ImageI can’t pull it off quite like Tupac does. In fact, the day I wore it, I just ended up looking all kinds of crazy. But such is the way it goes with bandanas and style in general. Unfortunately, I talked to a good looking guy that night who already thought I was more than a little crazy, and while the bandana was on, even the charm and wit I displayed in our conversation could do little to convince him otherwise. It happens.

Until next time, be bold and wear bandanas.

Song of the Day: Front Row by Metric

You Never Asked What I Listen To

I’m coming off of the crazy week long phenomenon that is NXNE. I went every night from Wednesday to Saturday, and saw bands that played everything from dream pop to punk rock to hip hop with some African drumming on the side.

I saw some amazing bands at a number of venues, but the highlight of NXNE for me was Fucked Up at the Horseshoe Tavern. I’ve been a big fan of Fucked Up since The Chemistry of Common Life, and I knew that the Horseshoe was going to be the greatest place to see them. My amazing friend Kelly had joined me for the week of NXNE, and though she wanted to go to another show that was on at the same time, she agreed to join me for the 1 AM show. Before she agreed to go, she asked, “Will I like it?”, and as any good friend would, I told her honestly, “No, no you won’t!” She was apprehensive as we waited to get into the Horseshoe, but one can forget many things after an hour and half in line. When Kelly and I finally got in after a conversation with the truly lovely bouncer who just happens to hate his job most days, (all the best my friend!) we moved about as close to the stage as we could without entering what would inevitability become the mosh pit. I was ready, born ready. It had been years since I had been to a hardcore show.

Fucked Up’s show is the reason why I love that kind of music. The environment was electric, with Damian Abraham and the band giving everything from the moment the show started. The crowd was fearless, and there was a sense of community that comes from only the craziest of shows. As Damian said midway through I Hate Summer, “We’re all fat, we’re all too skinny, we’re all too beautiful, we’re all ugly.”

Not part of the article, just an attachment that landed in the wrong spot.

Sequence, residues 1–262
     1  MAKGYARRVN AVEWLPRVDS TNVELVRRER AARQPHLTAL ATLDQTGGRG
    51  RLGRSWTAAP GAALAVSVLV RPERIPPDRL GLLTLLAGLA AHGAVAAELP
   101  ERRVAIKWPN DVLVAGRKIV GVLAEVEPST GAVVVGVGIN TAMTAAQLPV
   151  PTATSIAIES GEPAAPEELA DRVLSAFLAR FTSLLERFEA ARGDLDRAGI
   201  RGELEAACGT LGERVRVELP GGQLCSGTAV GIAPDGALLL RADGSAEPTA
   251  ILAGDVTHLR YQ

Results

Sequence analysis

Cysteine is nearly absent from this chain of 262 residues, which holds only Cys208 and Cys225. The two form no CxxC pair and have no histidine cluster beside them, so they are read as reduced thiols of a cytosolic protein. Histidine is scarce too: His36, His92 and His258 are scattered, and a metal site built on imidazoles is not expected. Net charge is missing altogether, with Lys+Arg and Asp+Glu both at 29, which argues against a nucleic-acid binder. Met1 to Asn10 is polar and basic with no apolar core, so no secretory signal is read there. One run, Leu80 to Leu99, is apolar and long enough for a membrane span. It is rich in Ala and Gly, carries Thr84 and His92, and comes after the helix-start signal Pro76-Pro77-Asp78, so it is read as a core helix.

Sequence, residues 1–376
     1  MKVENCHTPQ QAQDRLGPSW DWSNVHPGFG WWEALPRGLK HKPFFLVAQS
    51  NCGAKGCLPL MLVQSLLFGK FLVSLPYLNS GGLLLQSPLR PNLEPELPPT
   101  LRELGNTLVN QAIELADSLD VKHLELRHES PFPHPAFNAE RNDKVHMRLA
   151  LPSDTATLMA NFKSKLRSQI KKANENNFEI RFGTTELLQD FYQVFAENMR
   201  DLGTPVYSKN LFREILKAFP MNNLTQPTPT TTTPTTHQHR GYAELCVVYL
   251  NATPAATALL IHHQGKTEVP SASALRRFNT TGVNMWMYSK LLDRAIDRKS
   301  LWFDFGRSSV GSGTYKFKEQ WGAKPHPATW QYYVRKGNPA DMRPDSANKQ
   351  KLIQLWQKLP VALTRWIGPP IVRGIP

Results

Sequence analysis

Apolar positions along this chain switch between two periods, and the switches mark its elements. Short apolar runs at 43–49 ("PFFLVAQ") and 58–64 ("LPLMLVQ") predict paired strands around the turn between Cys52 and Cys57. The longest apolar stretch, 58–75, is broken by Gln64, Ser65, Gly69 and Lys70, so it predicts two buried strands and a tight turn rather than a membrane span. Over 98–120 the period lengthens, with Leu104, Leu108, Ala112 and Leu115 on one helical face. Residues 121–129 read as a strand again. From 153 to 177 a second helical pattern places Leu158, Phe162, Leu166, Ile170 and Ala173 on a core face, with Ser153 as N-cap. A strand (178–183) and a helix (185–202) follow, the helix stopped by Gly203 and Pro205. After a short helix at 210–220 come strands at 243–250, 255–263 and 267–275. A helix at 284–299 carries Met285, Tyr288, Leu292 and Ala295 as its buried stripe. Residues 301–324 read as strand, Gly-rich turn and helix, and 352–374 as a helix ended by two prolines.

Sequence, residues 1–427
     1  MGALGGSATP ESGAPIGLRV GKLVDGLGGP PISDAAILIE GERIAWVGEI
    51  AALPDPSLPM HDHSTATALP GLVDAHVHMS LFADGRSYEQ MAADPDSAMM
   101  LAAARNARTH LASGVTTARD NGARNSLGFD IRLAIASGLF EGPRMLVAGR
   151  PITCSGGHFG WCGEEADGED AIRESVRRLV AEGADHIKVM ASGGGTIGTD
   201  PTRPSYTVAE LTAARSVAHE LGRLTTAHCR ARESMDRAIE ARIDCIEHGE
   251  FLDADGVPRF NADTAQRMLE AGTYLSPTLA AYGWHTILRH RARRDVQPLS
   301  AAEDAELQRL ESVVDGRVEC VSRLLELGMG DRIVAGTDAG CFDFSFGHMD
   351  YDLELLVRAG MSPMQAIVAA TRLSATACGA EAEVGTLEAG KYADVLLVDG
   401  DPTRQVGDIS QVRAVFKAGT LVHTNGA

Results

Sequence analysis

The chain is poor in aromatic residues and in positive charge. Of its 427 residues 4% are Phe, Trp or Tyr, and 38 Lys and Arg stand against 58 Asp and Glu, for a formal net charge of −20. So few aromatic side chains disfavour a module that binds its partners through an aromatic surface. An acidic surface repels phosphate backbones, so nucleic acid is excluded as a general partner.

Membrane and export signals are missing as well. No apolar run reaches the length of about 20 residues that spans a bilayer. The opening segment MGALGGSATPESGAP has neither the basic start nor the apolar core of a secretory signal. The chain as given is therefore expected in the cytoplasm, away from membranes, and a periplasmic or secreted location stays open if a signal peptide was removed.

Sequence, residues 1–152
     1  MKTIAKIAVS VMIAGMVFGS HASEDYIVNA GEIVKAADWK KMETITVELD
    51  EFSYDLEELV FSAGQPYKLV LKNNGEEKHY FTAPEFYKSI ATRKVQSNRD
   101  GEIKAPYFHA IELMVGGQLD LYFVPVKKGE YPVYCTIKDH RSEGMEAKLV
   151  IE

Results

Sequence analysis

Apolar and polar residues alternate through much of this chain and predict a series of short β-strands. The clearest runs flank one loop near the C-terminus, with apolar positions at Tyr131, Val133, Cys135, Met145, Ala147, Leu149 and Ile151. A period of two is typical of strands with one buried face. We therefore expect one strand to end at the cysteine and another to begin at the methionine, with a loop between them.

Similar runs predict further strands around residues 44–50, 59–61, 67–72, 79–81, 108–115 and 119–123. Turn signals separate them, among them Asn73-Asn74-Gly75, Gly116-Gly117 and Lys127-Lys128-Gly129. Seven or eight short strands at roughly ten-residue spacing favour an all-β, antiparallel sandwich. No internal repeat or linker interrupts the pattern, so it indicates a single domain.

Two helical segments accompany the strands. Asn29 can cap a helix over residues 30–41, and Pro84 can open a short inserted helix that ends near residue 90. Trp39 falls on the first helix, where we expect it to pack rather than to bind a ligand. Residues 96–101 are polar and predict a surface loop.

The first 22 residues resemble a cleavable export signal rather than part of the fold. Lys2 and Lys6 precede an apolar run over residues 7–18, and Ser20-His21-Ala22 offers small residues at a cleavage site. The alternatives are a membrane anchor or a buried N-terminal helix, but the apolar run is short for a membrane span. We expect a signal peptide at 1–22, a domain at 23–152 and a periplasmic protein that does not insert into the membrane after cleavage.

The show was everything I hoped it would be. Kelly, however, did not feel so similarly inspired. She said afterwards that she “just stood there looking quizzical.”Beyond the question she asked about what she had just seen — numerous fans crowd surfed to the stage to bear hug Damian before diving back in again — she asked me if anyone else knew that I liked this kind of music. Certainly it’s not something I keep secret in the way I do a few concerts I’ve been to*. The main reason why Kelly and my high school classmates I ran into at the show didn’t know that I listened to that type of music is simply because they never asked! Only those who I’ve lived with (love to Becca, Adina and Livs for putting up with the same song seventeen times in a row) or studied with (apologizes to Clara and Mark for the times I interrupted their studying to talk about Earl Sweatshirt) would really have a sense of my range of interests. So in the spirit of NXNE and the greatest hardcore shows, let’s talk about our taste in music. If you never ask, you will never know who shares your love of anarchist folk or French rap, and you’ll never know the genre that could become your new favourite.

Thanks for coming out to read my first blog post! I hope you stick around to see what this blog will become. In the mean time, check out some of my other NXNE favourites, Decent Lovers, Air Dubai and Dan Deacon.

Song of the Day: Black Albino Bones by Fucked Up

*More on that to come.